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What Sparks A Childhood Memory

All it takes is to hear the catchphrase, as in the title of this article, or to hear the theme tune of an old television programme and immediately you are transported back to your childhood. Romper, bomper, stomper, boo was what the hostess of Romper Room used to say when she looked through her mirror to see all the children in television land. I can remember it as if it was yesterday.

Constant disappointment marred my childhood when I would faithfully watch children’s programme, Romper Room, every day yet the hostess never read out my name. I tried to be a good girl as she advised, I asked my mum to write in which she assured me she had, and I watched and played along, acting out all the things that went on in the programme. Still my name was never read out but I still have fond memories of that time.

And it’s not just the TV programmes. There are sights and smells that can immediately transport you back to your early years. My parents brought my old teddy bears out of their loft retirement recently for my grandson to play with. However, while I’m quite sure they didn’t smell like that, my parents assure me that they did, due to my insistence that they weren’t going to be released long enough for a wash.

The smell of liver also does it for me. I am back to my childhood once again, about seven or eight years old, and remembering the fantastic liver and onion meals my grandmother used to cook for me. There is nothing quite like a grandmothers cooking!

Looking back on my childhood with such fond memories, I can’t help but worry about the children of today and what sort of memories they will have. Of course, where I was all excited when we got our first modern trim phone in the house, today’s youths will know that they got the compulsory mobile for their fifth birthday. I remember the day trips to the seaside and today’s youngsters will remember the stranger danger talks. I remember the days of hanging out at the park with my mates and they will remember the lecture on not to go near the strange man that watches them through the railings.

Of course, it is essential that we teach our children common sense and safety but have we gone too far the other way? Have we taken away their innocence with the fear that someone else will? Have we wrapped them in cotton wool to the degree that they will never fully understand the risks in life until it is too late?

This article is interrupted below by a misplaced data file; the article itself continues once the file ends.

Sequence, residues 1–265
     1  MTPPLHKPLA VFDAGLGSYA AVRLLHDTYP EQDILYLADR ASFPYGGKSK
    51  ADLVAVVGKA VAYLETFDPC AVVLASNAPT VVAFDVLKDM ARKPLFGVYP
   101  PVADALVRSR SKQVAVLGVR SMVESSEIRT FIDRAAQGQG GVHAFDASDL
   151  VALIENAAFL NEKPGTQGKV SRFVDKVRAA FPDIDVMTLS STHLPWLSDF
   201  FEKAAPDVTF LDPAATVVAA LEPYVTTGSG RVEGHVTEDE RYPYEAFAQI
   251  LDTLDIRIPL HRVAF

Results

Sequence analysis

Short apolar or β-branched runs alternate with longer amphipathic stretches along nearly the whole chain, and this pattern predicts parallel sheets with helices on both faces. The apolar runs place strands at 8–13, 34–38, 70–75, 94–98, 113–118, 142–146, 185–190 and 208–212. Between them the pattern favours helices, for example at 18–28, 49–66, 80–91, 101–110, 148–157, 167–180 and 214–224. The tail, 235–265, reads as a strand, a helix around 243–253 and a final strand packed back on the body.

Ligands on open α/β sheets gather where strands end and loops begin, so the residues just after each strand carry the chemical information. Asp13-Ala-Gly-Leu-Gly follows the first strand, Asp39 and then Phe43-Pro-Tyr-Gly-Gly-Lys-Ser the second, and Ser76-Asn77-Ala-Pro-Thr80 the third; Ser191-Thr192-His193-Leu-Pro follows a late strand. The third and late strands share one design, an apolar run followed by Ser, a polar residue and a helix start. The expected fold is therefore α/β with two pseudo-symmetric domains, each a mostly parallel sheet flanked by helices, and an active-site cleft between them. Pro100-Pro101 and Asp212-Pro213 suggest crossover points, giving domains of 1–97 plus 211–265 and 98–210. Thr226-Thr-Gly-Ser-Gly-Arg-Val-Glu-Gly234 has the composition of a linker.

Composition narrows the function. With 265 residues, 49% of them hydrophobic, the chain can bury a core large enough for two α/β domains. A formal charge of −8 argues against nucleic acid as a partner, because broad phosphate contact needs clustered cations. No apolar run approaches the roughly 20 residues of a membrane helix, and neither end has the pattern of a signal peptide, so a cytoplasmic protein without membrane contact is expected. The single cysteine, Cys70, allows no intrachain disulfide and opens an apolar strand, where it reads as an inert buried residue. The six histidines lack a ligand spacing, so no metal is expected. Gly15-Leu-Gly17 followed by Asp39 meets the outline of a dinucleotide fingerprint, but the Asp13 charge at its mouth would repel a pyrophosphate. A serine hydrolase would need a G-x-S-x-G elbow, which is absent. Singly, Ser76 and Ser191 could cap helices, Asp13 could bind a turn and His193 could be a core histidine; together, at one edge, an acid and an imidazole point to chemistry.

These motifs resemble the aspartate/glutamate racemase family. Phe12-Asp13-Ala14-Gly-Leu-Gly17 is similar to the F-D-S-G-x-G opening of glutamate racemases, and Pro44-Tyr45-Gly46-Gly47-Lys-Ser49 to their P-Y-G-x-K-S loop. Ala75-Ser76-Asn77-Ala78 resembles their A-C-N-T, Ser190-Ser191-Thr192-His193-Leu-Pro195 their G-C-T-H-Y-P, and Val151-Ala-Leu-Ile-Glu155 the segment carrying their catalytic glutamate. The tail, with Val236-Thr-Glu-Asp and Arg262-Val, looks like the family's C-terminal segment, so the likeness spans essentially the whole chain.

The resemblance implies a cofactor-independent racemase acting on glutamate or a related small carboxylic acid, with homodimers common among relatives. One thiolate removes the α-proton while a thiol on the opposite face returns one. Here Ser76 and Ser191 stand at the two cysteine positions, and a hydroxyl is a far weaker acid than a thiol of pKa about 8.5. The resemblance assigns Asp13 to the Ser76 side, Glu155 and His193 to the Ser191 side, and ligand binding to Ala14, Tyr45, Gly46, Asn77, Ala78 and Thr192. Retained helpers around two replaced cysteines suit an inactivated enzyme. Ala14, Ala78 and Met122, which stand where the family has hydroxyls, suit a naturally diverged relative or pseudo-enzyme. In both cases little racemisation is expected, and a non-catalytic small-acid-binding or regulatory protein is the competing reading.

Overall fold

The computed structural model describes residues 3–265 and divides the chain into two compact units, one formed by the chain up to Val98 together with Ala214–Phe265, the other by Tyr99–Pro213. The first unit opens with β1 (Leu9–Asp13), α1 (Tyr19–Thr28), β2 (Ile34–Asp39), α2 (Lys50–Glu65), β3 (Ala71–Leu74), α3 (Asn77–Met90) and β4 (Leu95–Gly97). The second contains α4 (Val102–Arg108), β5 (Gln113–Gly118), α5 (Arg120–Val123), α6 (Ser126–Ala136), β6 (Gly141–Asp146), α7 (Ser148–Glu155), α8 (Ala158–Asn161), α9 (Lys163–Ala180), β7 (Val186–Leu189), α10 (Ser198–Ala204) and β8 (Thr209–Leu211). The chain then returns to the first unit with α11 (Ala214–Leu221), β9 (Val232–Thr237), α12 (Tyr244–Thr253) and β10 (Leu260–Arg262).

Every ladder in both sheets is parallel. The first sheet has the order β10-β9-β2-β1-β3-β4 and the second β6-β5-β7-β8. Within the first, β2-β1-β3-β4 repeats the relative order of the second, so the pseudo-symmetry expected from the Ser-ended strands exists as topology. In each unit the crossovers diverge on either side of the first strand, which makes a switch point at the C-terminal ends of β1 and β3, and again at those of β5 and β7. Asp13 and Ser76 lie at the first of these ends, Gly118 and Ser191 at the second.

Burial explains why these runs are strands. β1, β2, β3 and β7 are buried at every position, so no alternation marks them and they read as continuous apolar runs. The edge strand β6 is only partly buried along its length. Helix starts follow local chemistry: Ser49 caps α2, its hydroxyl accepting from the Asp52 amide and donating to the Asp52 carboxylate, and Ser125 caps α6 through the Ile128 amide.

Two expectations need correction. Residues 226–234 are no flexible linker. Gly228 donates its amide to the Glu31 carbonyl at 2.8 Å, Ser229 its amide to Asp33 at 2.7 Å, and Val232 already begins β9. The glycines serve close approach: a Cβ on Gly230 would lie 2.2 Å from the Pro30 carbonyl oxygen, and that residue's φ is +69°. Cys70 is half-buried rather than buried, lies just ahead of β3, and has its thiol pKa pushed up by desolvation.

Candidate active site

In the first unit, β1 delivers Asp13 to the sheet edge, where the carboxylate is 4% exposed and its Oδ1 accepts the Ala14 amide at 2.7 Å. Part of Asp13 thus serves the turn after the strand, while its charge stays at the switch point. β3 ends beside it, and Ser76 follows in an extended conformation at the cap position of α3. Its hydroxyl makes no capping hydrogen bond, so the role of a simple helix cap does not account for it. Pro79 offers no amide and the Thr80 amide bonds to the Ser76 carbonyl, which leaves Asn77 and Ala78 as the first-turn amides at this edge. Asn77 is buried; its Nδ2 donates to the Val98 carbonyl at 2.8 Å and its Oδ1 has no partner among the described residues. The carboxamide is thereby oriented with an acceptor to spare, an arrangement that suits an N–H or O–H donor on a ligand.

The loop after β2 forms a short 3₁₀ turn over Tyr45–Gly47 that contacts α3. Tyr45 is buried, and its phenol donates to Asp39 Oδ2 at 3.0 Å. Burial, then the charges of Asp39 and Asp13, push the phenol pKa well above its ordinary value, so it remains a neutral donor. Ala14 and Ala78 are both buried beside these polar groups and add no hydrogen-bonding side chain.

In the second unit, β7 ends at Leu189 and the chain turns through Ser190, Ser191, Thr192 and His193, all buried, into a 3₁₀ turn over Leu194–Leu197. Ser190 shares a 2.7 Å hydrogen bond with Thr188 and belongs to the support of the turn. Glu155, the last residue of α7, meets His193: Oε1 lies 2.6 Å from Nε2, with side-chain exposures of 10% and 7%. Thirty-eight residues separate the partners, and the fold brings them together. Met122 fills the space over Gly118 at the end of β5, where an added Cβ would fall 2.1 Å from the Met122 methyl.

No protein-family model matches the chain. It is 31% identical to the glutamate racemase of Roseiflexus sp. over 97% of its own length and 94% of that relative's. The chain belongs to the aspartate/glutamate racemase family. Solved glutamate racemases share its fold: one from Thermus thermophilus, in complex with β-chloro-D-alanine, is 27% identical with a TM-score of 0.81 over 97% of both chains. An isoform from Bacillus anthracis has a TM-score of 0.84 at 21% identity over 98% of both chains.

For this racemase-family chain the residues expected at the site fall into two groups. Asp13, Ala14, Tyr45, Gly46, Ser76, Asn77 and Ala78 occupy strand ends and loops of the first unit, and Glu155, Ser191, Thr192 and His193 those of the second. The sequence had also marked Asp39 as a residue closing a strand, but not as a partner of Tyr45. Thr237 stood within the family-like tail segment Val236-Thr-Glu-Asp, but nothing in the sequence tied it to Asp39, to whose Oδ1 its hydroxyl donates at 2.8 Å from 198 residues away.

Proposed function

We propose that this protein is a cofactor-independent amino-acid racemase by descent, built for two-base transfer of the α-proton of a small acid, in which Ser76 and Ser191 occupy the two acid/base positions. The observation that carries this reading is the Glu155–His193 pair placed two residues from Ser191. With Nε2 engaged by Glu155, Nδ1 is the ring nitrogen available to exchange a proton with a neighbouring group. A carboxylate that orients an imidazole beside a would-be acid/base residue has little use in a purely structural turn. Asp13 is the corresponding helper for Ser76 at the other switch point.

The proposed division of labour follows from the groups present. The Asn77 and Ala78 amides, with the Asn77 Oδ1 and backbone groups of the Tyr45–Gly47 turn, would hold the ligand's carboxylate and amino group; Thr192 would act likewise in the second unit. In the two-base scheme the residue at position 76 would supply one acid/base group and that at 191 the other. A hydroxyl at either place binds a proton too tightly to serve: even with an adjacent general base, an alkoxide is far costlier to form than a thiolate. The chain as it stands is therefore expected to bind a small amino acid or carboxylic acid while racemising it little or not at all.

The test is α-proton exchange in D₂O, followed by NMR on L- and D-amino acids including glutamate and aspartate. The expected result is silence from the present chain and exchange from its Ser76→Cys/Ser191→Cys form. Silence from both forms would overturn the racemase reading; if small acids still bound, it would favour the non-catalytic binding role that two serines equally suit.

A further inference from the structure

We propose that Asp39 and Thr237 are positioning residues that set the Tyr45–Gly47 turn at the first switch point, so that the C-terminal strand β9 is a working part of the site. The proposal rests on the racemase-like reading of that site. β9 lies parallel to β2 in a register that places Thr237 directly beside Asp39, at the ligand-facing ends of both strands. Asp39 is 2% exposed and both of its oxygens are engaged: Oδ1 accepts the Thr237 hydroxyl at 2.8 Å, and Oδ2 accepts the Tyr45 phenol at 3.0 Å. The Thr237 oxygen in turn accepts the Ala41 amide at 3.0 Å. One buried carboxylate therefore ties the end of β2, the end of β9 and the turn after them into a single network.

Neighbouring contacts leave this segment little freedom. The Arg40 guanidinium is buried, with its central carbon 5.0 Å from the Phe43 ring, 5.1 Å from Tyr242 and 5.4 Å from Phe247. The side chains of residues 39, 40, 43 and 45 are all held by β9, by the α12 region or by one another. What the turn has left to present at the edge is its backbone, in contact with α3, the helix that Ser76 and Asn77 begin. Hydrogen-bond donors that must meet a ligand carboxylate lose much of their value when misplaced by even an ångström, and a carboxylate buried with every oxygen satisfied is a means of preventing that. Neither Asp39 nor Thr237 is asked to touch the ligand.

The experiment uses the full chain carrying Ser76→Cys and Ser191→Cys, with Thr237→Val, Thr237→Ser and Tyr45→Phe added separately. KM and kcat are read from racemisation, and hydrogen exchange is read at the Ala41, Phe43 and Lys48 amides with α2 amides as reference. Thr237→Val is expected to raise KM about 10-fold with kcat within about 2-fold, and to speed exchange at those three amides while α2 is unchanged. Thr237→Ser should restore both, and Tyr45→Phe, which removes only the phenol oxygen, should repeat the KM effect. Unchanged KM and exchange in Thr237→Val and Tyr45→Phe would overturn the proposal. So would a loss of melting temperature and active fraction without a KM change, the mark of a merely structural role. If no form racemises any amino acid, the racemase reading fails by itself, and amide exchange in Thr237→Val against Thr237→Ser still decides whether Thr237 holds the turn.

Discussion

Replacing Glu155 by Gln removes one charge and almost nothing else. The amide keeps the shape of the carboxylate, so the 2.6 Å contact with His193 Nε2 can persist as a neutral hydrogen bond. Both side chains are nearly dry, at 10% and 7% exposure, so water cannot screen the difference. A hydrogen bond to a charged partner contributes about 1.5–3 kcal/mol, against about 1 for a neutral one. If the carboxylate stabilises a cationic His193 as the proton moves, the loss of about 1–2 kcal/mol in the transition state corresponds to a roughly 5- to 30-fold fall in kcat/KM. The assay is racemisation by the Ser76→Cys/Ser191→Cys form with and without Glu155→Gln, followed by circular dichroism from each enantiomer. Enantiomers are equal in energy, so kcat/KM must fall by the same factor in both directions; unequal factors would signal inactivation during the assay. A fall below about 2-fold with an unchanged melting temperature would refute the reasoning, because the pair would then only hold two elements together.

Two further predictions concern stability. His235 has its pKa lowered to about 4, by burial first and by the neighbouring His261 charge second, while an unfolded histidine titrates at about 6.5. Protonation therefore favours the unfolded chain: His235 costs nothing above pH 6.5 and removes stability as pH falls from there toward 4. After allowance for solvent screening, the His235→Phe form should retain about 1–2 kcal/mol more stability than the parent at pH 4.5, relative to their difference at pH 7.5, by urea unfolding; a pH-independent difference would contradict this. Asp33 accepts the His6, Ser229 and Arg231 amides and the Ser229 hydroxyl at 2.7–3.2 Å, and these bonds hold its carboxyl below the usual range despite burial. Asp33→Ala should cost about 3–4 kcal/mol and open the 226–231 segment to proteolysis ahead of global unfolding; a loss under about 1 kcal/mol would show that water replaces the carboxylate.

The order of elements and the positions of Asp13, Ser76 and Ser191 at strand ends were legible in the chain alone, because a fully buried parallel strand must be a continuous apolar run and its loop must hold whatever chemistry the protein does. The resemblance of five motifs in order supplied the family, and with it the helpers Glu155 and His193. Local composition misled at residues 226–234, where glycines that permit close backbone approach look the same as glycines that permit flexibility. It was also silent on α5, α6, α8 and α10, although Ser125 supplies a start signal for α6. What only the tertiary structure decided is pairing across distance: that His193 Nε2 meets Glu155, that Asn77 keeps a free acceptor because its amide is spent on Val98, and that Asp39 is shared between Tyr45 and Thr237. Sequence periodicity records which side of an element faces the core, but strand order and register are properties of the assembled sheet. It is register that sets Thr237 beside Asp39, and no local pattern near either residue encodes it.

The Royal Society for the Prevention of Accidents say that we are protecting our children too much. They say we should make our environment as safe as necessary, not as safe as possible. They say that it is vital that children take part in activities that may well lead to some strains and sprains, that this will not cause them any lasting danger other than to toughen them up and help them to learn how to judge risks and deal with them themselves.

My own childhood memories consist of running through fields unencumbered by worries of strange men, although I’m pretty certain there would have been some around and I’m pretty sure I would not have gone off with one should they have approached. Nowadays, we have ridiculous events like foam floats being removed from the swimming pool in case they hurt someone and goal posts removed from a football pitch in case someone runs into them. This is what ruins childhoods and hinders memories and that, in the long run, will detract from their quality of life.

Childcare expert Catherine Harvey looks at the way TV programmes such as romper room leave lasting memories.

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